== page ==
All legally recognized individual sects are empowered to adjudicate personal status matters, and in practice most did so. The PA does not have a civil marriage law. Legally, members of one religious group mutually may agree to submit a personal status dispute to a different denomination to adjudicate, but in practice this did not occur. Churches that are not officially recognized by the PA must obtain special permission to perform marriages or adjudicate personal status matters; however, in practice nonrecognized churches advised their members to marry (or divorce) abroad.
Since Islam is the official religion of the PA, Islamic institutions and places of worship receive preferential treatment. In the West Bank and Gaza, the PA has a Ministry of Awqaf and Religious Affairs, which pays for the construction and maintenance of mosques and the salaries of many Palestinian imams. The Ministry also provides limited financial support to some Christian clergymen and Christian charitable organizations. The PA does not provide financial support to any Jewish institutions or holy sites in the West Bank; these areas are generally under Israeli control. The Government of Jordan maintains responsibility for Waqf institutions in Jerusalem.
The PA requires the teaching of religion in PA schools, with separate courses for Muslim and Christian students. A compulsory curriculum requires the study of Christianity for Christian students and Islam for Muslim students in grades one through six. The PA Ministry of Education and Higher Education (MOEHE) revised its primary and secondary school textbooks. A U.S. Government funded review of Palestinian textbooks concluded that the textbooks did not cross the line into incitement but continued to show elements of imbalance, bias, and inaccuracy.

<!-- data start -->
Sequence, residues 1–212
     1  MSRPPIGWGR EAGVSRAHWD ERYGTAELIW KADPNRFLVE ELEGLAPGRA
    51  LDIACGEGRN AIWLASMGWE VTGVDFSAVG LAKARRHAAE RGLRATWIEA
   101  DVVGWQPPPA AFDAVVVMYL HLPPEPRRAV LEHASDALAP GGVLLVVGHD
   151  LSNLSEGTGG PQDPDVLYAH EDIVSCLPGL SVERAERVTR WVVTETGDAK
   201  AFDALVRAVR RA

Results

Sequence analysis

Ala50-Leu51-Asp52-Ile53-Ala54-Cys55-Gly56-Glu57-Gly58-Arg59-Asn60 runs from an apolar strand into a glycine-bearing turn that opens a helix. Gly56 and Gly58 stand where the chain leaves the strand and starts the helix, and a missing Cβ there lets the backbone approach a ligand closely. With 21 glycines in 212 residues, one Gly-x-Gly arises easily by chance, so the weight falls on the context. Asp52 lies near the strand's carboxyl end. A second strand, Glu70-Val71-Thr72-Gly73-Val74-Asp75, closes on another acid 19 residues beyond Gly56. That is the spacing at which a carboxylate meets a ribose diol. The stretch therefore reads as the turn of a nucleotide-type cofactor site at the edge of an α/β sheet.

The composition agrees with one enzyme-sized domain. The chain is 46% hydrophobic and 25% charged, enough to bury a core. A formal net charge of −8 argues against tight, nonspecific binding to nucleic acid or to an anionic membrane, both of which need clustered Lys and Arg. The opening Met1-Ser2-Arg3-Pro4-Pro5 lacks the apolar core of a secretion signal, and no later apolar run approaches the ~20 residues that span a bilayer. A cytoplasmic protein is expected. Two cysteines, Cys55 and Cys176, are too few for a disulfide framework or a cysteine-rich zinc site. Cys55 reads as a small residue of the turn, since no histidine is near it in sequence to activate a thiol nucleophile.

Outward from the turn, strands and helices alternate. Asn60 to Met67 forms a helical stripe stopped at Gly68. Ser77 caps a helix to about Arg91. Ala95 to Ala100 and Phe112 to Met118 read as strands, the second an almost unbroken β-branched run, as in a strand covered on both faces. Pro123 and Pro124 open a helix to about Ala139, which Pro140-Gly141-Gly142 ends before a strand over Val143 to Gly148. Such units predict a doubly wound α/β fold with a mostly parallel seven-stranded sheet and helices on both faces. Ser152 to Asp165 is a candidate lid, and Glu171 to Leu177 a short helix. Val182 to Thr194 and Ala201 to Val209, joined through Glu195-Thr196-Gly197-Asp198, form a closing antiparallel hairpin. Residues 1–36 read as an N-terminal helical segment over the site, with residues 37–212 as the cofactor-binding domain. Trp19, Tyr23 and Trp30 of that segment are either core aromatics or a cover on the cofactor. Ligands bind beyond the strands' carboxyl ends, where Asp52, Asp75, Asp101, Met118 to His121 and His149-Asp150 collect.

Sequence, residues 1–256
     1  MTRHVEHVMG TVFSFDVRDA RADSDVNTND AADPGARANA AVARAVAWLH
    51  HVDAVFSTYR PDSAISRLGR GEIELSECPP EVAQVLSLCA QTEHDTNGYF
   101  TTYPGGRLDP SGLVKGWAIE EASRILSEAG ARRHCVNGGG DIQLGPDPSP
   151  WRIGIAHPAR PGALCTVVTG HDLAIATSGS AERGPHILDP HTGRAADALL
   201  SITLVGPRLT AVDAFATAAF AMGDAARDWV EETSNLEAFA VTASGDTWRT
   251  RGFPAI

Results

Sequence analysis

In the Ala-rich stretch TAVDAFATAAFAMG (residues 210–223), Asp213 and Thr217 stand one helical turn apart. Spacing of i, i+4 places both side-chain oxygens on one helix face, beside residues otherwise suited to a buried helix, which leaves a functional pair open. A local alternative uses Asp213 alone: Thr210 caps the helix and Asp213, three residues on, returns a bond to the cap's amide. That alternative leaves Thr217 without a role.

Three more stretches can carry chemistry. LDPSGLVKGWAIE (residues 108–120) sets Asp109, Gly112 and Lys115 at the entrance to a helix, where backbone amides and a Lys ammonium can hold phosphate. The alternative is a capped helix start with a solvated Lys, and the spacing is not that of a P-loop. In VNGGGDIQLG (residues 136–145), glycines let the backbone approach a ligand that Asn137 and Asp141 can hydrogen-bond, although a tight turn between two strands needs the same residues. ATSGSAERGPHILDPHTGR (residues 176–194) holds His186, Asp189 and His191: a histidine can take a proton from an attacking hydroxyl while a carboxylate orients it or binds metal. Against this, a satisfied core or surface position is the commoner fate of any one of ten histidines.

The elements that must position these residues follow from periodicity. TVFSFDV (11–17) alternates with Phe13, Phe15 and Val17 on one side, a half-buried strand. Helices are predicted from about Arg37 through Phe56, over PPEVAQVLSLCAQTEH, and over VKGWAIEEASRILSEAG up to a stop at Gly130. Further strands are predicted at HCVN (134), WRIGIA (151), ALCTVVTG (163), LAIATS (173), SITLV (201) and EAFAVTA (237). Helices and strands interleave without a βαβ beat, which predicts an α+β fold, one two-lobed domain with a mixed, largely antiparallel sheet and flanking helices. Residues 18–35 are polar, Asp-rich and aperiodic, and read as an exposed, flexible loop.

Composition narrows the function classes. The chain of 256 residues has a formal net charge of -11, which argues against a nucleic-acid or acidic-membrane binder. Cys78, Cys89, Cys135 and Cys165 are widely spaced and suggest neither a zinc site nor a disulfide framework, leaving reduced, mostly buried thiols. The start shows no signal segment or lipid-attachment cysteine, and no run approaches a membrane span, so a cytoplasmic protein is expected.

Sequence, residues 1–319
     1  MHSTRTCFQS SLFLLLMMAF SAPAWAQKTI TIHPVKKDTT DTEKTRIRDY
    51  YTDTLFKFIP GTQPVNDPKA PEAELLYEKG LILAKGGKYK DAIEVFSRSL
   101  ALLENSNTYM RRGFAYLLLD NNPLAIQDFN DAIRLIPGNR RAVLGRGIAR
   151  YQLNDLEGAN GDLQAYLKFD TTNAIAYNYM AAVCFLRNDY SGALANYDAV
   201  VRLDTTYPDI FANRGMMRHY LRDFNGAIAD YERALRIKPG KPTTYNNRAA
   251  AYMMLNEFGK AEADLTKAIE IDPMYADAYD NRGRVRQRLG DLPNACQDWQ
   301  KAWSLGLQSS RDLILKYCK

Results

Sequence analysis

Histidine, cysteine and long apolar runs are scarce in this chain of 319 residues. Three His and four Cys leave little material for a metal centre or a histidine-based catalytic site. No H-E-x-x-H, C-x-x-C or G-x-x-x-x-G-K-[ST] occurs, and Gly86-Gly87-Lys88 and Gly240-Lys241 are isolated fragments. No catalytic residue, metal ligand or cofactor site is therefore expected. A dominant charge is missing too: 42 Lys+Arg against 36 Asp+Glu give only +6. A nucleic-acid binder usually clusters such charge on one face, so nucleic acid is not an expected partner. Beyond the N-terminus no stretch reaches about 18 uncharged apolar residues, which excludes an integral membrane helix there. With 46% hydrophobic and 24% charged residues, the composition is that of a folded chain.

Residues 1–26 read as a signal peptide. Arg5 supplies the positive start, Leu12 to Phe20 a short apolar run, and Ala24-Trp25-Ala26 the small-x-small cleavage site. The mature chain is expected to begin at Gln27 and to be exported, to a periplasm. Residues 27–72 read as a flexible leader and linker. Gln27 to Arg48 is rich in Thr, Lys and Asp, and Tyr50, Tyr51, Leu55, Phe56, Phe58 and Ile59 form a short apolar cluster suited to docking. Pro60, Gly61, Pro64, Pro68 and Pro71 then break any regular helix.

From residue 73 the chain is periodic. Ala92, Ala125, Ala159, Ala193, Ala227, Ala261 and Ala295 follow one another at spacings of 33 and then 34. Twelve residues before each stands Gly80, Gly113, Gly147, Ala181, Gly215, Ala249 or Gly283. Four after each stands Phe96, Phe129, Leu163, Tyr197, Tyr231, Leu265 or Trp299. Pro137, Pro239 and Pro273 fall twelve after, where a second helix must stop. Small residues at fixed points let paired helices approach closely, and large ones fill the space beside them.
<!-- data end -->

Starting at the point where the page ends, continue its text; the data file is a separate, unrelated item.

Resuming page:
Critics noted the new textbooks often ignored historical Jewish connections to Israel and Jerusalem.
PA President Abbas had informal advisors on Christian affairs. Six seats in the 132-member PLC are reserved for Christians; there are no seats reserved for members of any other faith. The following holy days are considered national holidays: Eid al-Fitr, Eid al-Adha, Zikra al-Hijra al-Nabawiya, Christmas, and the Birth of the Prophet Muhammad. Christians take Easter as a fully paid religious holiday.
Israel exercises varying degrees of legal control in the Occupied Territories. The international community considers Israel's authority in the Occupied Territories to be subject to the 1907 Hague Convention and the 1949 Geneva Convention relating to the Protection of Civilians in Time of War. The Israeli Government considers only the 1907 Hague Convention applicable but maintains that it largely observes the Geneva Convention's humanitarian provisions. The Israeli Government applies Israeli law to East Jerusalem, which it annexed after 1967; however, the U.S. Government considers Jerusalem a permanent status issue to be resolved in negotiations between Israel and the Palestinians.
Restrictions on Religious Freedom